Posted by: PC | June 28, 2010

keep it simple. part three. (Primal Poetry)

In the nature of the theme, let’s just skip this normal premise stuff and get to the bullet points your eyes jump to anyway, shall we?

1. Good at the Greatest
One of the simplifications I have been enacting lately came from my reading of Primal by Mark Batterson. If you have not read this book, it is the most recent read I would highly recommend. The premise Batterson communicates is that we are not so great at living out the Greatest Commandment; in fact, we’re not even good at it.

In this year, our community (or I’ll say tribe in case your head was starting to spin there for a second) has been getting back to the basic of the greatest commandment. We have been continually breaking down what it means for us to LOVE GOD with all of our HEART, SOUL, MIND, and STRENGTH. There is a refreshment to getting back to foundational things we often overlook in the chaos of everything else.

2. Poetic
Your students are creative! Your students have abilities you do not have as a speaker, pastor, or leader. Your students are artistic!

YOU are creative! YOU are artistic! YOU have abilities you are not using because you are overwhelmed.

How willing are you to let go of the routine of your large gatherings? How willing are you to break out of the normal speaking style to which you have grown accustomed? How much involvement do your students have in that larger gathering?

We have begun to redefine our large gathering once we realized how artistic, creative, and ready so many of our students are. A couple of months ago, I contacted a few of my poetic students (do you KNOW which of your students are poetic), and simply gave them the text for that week (John 21:20-25) and asked them write a piece they would present that Sunday night. They couldn’t wait!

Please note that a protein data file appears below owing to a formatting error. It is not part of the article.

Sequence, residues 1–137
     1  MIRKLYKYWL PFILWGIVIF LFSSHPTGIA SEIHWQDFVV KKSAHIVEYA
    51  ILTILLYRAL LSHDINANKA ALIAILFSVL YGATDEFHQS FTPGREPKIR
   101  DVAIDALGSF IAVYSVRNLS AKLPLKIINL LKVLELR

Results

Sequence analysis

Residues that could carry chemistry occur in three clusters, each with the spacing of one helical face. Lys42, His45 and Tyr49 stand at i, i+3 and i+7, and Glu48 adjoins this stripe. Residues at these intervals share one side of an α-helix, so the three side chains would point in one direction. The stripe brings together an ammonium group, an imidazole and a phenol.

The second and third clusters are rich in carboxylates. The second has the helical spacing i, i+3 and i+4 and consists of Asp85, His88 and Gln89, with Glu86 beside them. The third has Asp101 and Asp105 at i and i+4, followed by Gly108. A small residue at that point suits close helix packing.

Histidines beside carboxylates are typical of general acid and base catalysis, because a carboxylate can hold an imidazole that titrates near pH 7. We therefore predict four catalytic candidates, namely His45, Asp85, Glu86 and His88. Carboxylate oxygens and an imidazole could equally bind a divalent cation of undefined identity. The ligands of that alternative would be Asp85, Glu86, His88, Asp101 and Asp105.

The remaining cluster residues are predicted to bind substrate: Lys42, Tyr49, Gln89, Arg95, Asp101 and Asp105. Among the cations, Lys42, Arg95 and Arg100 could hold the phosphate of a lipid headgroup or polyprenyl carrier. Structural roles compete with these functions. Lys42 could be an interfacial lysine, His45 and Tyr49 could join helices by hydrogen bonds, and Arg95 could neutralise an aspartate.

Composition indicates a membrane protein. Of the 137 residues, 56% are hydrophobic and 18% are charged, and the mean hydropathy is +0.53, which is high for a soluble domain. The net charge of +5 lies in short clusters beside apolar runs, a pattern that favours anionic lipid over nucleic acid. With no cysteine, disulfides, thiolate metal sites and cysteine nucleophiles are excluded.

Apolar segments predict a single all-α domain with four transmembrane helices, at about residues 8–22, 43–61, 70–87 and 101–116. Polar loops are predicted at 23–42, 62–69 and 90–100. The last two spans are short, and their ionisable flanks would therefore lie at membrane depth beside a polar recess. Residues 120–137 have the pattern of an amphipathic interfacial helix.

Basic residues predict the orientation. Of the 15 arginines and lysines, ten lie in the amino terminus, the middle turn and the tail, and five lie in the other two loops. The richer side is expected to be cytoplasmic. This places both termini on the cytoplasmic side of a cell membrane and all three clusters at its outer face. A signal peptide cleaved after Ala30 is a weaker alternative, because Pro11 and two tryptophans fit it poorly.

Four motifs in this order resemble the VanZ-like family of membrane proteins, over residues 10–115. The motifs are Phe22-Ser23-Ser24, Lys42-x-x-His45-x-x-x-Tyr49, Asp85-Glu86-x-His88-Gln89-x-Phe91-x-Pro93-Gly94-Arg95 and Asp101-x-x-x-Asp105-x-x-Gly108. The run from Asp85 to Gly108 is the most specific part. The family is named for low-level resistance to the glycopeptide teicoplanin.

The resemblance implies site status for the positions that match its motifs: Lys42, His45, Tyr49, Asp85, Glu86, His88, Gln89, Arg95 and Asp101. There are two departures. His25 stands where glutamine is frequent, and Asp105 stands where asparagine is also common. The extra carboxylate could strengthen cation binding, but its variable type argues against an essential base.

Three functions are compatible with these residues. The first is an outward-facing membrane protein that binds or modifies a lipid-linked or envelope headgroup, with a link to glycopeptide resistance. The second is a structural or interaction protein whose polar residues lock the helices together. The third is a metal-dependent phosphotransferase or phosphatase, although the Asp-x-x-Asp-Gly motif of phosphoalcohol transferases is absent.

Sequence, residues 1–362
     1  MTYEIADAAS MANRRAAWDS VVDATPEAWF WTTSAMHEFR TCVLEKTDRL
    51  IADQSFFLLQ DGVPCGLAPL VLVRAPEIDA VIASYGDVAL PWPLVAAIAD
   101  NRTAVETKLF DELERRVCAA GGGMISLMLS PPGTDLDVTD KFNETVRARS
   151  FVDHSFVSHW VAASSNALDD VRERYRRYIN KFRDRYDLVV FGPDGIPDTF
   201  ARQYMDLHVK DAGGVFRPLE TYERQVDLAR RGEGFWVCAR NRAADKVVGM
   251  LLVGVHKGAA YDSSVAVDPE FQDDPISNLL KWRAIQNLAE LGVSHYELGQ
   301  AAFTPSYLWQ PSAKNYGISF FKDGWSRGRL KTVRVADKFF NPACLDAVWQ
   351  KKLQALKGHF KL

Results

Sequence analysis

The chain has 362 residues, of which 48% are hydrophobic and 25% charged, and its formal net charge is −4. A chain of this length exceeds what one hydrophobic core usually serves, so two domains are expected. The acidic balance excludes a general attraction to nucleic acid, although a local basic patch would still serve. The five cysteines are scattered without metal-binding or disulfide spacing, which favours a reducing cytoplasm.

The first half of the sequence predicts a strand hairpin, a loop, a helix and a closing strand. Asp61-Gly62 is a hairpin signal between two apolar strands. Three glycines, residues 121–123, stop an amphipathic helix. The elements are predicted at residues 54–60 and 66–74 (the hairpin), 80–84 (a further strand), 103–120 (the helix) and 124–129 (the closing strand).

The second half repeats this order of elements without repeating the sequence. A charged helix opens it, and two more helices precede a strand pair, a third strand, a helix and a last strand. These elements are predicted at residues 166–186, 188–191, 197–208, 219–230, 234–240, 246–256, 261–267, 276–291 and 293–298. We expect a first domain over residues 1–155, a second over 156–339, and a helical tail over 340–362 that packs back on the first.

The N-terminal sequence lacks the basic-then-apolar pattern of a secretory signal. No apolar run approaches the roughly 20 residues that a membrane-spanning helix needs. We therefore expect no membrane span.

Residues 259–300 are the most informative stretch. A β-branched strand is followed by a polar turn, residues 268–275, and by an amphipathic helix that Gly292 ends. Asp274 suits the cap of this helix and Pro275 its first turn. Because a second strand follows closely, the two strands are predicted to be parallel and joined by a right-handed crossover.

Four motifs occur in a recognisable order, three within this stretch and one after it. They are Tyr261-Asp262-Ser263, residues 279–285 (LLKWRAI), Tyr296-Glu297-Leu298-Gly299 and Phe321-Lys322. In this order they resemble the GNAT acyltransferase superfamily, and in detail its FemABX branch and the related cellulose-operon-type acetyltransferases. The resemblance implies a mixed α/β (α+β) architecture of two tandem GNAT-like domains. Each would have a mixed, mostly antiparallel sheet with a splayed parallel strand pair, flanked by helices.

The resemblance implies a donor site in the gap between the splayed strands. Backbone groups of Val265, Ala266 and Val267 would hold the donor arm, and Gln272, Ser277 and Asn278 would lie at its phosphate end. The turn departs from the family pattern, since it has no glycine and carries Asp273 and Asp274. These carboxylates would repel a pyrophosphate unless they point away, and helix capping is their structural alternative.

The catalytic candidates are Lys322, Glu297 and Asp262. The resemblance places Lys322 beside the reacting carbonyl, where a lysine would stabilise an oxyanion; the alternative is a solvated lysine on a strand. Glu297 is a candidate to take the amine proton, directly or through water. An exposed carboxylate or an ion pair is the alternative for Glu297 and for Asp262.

There was no music worship that evening, nor was there a sermon, at least not a normal sermon. A few students you rarely hear from stood up and delivered their art inspired by God’s word, and then I got up and presented the piece I had prepared. It was refreshing, it was simple, it was creative, and ALL the students engaged in a way we hadn’t seen in a while.

3. Leadership Lean
As part of God’s layering away at my resources, my assistant is stepping down at the end of the month to follow the larger calling on her life to fight human trafficking. She leaves a giant hole, which due to significant budget cuts, will NOT be refilled.

Luckily I have a leadership team, right? Perhaps! Leadership teams are only as helpful as you are willing to lean on them. This has always been difficult for me, if I am honest. I have never been strong at getting the most out of volunteers. No matter how many articles, books, conferences, workshops I take in, I still have a voice that pesters me as a leader. It says, “But they aren’t paid for this. Lay off!”

Though every leadership axiom is going to tell you the opposite of this voice, we often listen too closely to that voice. I certainly do! Until now! With the layering away of my paid assistant, I am at a point where I either learn (real quick) to lean on my leaders or I will become outrageously overwhelmed.

Break back all the things you think YOU have to do, and lean back onto the volunteer leaders you have in place. They want it! They believe in it! They will take your group to the next level you will never be able to do on your own. Trust me! I am learning this more and more every day. (Likely a lesson you have all learned years ago! I know; I’m late to the party!)

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Responses

  1. […] the other posts from the series :: (part 1) (part 2) (part 3) (part […]


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